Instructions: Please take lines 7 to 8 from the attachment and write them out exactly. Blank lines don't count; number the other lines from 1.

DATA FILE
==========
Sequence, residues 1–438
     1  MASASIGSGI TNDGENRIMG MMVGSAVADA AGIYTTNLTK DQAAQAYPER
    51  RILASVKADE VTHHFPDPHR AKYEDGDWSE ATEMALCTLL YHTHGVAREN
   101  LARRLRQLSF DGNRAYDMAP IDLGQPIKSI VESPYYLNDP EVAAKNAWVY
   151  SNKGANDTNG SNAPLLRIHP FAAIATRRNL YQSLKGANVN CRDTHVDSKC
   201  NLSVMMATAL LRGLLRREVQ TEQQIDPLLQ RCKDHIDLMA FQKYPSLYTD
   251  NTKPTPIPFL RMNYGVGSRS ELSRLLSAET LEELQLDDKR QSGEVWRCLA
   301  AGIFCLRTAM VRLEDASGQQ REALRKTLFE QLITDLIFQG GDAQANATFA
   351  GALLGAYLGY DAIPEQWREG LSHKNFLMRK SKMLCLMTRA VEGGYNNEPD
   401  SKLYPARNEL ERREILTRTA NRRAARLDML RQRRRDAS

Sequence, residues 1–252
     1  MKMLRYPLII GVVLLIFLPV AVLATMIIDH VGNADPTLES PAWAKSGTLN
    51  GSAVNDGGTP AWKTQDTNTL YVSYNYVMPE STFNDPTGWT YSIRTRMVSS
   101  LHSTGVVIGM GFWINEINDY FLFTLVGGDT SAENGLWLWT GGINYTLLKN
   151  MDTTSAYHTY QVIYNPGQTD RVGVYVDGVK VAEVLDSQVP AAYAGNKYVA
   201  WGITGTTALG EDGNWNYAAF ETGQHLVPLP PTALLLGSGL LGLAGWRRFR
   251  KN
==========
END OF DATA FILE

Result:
   251  NTKPTPIPFL RMNYGVGSRS ELSRLLSAET LEELQLDDKR QSGEVWRCLA
   301  AGIFCLRTAM VRLEDASGQQ REALRKTLFE QLITDLIFQG GDAQANATFA